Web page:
It is also worthy of note that after a similar skirmish with Cameroun, Ahmadu Ahijo, the President of the country flew into Nigeria to literarily apologise to President Shagari and the next day newspapers carried the bold front page photographs of Nigerian President Shagari and his Cameroonian counterpart in warm embrace with the screaming headline “Ahijo is my brother” to douse tension.
That’s how smart shuttle democracy by the no 1 citizen of Cameroon stopped a conflict from escalating.
In the light of the foregoing, the appropriate action against South Africa by Nigeria could have been amongst others, a stern one like summoning of the High Commissioner to the Presidency to account for the lives of innocent Nigerians wasted by the frustrated South African youths hardened by long period of subjugation by their white oppressors under apartheid.
Failing to provide satisfactory answers should attract sanctions such as expulsion of the High Commissioner; recall of our High Commissioner over there; and possibly a threat of trade embargo if the country remains unapologetic or intransigent.
Such a diplomatic action would have put the issue on the front burner and thus compel South African authorities (who appear to be nonchalant and complacent about the Nigerian lives lost) to pay more attention by apprehending the culprits and seeking speedy resolution.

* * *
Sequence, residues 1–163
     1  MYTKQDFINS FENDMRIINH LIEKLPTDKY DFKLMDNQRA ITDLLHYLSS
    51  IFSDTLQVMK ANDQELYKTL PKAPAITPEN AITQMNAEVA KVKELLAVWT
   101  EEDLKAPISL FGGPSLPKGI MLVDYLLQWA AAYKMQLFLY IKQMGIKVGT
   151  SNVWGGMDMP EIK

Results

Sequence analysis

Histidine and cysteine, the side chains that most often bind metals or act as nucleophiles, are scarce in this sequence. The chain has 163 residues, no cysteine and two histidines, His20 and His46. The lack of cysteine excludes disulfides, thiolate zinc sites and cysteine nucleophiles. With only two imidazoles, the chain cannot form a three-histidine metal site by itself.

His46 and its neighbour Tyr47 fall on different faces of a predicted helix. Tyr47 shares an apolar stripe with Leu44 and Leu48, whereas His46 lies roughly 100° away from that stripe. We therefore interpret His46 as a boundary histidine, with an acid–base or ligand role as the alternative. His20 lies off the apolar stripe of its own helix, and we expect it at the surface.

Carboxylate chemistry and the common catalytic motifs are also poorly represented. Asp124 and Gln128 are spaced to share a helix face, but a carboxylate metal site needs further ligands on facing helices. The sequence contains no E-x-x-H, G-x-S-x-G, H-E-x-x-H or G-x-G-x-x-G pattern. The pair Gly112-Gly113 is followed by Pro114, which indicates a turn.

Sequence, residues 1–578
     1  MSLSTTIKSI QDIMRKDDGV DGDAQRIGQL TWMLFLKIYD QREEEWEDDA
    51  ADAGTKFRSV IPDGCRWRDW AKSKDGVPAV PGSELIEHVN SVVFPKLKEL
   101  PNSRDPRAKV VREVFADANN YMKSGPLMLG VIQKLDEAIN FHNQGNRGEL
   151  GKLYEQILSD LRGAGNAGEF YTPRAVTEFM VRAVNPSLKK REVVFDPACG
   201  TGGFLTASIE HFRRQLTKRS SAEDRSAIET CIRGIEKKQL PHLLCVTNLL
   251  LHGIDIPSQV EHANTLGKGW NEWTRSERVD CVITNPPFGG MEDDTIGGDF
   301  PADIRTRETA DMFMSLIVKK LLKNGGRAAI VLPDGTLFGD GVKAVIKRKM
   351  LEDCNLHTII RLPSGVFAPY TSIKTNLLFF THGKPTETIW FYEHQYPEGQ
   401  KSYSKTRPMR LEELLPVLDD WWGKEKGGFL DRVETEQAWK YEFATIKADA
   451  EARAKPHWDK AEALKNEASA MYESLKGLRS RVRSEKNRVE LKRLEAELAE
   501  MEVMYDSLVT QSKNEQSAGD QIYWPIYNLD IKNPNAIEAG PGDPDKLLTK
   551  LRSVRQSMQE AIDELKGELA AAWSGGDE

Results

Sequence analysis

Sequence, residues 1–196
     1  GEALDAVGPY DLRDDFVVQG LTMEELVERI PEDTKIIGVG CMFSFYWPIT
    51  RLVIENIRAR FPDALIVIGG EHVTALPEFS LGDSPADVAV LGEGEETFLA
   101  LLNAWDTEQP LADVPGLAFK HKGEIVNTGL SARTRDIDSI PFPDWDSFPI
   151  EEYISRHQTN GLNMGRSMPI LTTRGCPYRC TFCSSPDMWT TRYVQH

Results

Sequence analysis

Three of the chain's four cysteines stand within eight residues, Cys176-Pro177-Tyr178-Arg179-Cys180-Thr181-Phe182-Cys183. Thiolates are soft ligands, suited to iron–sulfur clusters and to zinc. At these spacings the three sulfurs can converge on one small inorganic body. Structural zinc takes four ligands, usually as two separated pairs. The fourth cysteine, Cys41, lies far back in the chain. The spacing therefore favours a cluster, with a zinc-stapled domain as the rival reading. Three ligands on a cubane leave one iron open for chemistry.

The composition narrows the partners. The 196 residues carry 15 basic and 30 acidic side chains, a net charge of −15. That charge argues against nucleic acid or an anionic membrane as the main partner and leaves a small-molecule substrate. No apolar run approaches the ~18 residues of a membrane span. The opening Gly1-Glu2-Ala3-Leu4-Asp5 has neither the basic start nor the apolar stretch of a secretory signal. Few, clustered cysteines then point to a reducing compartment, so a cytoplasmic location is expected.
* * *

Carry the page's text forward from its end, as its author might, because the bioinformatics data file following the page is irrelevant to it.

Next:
To the best of my knowledge, the response from South African authorities in the wake of the unnecessary loss of Nigerian lives to hardened criminals and thugs operating under the guise of Xenophobia has been lukewarm.
In my reckoning, all the authorities have done so far is deport some Nigerians who were in violation of their laws, and no public remorse or empathy has been expressed by the relevant authorities.
My considered opinion therefore, is that It is the lackadaisical attitude of Nigerian authorities towards South Africa after previous xenophobic attacks on Nigerians, that is giving the misguided youths the Dutch courage to repeat the dastardly act.
I am convinced that if the assailants were conscious of the fact that serious consequences awaits whoever spills the blood of a Nigerian wherever or whenever they are unjustly killed, they would think twice before embarking on their orgy of killing defenseless Nigerians.
Take the nation of Israel for instance. That country goes to every length to protect every Israeli anywhere in the world and would even trade off hundreds of prisoners to secure the release of the body of a dead Israeli soldier.
Little wonder Israelis are very patriotic.
Some may argue that Israeli government’s unparalleled protection of her nationals is derived from their past experiences with the unfortunate incidents of the holocaust that led to fewer Jewish population in the Middle East. A counter argument would be that the approach of Israel to protecting her nationals at all costs is not significantly different from that of the USA-the most powerful country in the world-which also places high premium on the protection of her citizens worldwide.